Verse > Anthologies > > Arthur Quiller-Couch, ed. > The Oxford Book of Victorian Verse
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Arthur Quiller-Couch, comp.  The Oxford Book of Victorian Verse.  1922.
 
Harvest Home
By Frederick Tennyson (1807–1898)
 
COME, let us mount the breezy down
And hearken to the tumult blown
Up from the champaign and the town.
 
The harvest days are come again,
The vales are surging with the grain;        5
The merry work goes on amain.
 
Pale streaks of cloud scarce veil the blue;
Against the golden harvest hue
The Autumn trees look fresh and new.
 
Wrinkled brows relax with glee,        10
And aged eyes they laugh to see
The sickles follow o’er the lea.
 
I see the little kerchief’d maid
With dimpling cheek and bodice staid,
’Mid the stout striplings half afraid;        15
 
I see the sire with bronzèd chest:
Mad babes amid the blithe unrest
Seem leaping from the mother’s breast.
 
The mighty youth and supple child
Go forth, the yellow sheaves are piled;        20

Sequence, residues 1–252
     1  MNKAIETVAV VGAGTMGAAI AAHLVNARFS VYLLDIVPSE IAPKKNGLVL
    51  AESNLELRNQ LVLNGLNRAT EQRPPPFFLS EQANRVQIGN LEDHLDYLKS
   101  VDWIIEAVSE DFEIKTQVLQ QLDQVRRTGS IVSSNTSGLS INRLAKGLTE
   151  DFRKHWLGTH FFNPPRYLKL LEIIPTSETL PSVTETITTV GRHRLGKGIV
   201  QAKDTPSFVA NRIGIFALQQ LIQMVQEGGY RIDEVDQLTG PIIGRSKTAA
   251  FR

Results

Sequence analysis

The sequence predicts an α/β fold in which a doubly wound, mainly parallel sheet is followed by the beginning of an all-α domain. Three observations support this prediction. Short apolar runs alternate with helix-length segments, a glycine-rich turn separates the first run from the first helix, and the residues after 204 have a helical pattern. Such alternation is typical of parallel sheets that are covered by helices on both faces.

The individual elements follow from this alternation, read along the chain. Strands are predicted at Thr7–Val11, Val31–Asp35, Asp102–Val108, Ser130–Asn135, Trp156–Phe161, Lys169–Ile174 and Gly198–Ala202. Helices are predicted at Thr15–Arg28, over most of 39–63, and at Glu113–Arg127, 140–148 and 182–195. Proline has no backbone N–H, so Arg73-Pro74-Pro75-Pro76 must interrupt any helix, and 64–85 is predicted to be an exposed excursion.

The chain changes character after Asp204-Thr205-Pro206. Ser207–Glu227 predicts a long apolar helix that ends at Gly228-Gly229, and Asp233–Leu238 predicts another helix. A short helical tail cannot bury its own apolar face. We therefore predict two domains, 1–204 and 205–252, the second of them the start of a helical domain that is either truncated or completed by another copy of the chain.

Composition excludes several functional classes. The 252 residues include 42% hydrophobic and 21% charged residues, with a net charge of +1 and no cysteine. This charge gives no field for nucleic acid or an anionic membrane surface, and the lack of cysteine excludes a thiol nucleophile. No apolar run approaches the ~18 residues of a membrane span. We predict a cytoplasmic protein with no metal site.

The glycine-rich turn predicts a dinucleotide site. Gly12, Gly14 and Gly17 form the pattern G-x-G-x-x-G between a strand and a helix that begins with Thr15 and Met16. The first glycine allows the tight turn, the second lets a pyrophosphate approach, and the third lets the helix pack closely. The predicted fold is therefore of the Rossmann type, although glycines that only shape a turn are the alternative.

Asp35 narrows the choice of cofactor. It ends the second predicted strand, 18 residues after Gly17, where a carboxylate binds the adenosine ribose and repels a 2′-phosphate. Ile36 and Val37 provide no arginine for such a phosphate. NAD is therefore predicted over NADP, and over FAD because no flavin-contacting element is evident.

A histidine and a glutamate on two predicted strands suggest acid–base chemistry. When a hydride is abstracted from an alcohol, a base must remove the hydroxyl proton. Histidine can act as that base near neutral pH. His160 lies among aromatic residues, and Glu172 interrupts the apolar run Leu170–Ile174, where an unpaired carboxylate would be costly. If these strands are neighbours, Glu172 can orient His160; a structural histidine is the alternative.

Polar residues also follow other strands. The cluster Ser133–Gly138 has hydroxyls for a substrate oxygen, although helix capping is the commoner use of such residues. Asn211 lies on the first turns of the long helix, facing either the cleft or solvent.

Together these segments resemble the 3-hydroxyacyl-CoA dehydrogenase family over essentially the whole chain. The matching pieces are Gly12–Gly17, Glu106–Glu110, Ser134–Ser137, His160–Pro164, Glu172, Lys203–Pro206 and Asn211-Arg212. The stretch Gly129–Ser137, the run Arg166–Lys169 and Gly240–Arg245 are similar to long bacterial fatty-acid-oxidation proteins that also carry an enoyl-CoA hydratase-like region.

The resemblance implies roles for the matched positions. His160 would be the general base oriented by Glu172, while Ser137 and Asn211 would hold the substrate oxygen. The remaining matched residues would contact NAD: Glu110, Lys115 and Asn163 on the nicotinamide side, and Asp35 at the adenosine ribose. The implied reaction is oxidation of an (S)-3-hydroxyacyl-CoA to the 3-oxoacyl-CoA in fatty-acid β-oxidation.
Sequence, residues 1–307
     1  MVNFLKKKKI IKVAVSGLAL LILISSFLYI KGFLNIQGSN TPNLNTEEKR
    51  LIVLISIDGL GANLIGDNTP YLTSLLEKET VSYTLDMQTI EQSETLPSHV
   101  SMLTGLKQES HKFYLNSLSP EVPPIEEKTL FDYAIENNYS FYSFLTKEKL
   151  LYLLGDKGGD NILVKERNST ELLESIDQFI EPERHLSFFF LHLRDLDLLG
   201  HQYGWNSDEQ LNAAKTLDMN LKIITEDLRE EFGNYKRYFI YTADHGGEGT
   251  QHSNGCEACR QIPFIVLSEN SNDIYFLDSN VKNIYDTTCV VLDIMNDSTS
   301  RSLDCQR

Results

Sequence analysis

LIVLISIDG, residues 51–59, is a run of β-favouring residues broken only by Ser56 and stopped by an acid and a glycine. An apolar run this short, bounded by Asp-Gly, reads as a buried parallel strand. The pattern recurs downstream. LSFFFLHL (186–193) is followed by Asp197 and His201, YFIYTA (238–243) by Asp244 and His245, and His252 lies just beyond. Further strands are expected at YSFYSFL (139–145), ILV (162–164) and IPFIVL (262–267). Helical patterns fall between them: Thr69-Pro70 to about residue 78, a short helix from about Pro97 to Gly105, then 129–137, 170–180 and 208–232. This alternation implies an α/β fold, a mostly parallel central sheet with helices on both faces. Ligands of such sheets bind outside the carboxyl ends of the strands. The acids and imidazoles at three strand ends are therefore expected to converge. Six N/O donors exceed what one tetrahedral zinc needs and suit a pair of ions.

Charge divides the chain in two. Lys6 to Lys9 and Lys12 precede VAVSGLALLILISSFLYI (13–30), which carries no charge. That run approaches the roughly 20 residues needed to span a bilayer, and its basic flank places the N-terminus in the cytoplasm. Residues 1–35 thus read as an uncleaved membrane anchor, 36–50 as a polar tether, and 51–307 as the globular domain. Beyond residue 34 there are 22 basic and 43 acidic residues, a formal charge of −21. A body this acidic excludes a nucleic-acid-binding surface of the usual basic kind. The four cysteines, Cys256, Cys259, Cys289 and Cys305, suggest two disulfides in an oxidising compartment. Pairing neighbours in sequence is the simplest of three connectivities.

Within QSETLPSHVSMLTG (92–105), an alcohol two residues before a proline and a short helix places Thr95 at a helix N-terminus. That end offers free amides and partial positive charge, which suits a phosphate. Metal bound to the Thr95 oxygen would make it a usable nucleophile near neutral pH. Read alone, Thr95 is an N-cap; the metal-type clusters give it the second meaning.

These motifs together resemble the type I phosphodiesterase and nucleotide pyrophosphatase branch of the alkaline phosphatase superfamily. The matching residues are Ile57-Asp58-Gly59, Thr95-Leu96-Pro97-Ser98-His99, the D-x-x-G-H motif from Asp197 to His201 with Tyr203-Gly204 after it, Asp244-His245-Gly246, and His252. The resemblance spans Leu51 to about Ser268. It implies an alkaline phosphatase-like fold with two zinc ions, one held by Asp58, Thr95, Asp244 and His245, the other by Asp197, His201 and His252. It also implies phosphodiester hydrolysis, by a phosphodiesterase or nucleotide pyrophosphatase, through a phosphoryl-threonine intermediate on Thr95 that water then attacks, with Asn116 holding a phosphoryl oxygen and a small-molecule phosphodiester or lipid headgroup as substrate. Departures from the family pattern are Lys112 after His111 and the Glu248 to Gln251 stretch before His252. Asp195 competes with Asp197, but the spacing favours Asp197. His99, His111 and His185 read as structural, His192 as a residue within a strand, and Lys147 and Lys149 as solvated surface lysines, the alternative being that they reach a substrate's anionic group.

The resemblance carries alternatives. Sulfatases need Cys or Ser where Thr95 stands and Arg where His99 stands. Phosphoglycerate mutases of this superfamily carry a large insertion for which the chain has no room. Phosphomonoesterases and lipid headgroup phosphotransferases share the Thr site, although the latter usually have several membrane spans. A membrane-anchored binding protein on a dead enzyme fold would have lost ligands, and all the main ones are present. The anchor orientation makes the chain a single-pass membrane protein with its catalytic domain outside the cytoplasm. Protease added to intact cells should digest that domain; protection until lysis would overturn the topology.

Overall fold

The toil is mirth, the mirth is wild …
 
Lusty Pleasures, hobnail’d Fun
Throng into the noonday sun
And ’mid the merry reapers run.
 
Draw the clear October out!        25
Another, and another bout!
Then back to labour with a shout!
 
The banded sheaves stand orderly
Against the purple Autumn sky
Like armies of Prosperity.        30
 
Hark! thro’ the middle of the town
From the sunny slopes run down
Bawling boys and reapers brown;
 
Laughter flies from door to door,
To see fat Plenty with his store        35
Led a captive by the poor …
 
Right thro’ the middle of the town,
With a great sheaf for a crown,
Onward he reels, a happy clown.
 
Faintly cheers the tailor thin,        40
And the smith with sooty chin
Lends his hammer to the din;
 
And the master, blithe and boon,
Pours forth his boys that afternoon,
And locks his desk an hour too soon.        45
 
Yet when the shadows eastward lean
O’er the smooth-shorn fallows clean,
And Silence sits where they have been,
 
Amid the gleaners I will stay,
While the shout and roundelay        50
Faint off, and daylight dies away.
 
—Dies away, and leaves me lone
With dim ghosts, of years agone,
Summers parted, glories flown;
 
Till Day beneath the West is roll’d,        55
Till grey spire and tufted wold
Purple in the evening gold.
 
Memories, when old age is come,
Are stray ears that deck the gloom,
And echoes of the Harvest-home.        60
 
 
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